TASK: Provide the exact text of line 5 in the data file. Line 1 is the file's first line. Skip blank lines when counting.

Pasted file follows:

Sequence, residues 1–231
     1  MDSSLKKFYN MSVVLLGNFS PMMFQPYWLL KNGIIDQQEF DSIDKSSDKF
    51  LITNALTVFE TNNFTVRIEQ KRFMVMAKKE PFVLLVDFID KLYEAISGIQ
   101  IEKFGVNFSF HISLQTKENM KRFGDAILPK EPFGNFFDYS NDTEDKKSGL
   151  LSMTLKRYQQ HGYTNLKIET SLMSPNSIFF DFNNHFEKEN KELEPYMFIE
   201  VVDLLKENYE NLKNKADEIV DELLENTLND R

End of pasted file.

   151  LSMTLKRYQQ HGYTNLKIET SLMSPNSIFF DFNNHFEKEN KELEPYMFIE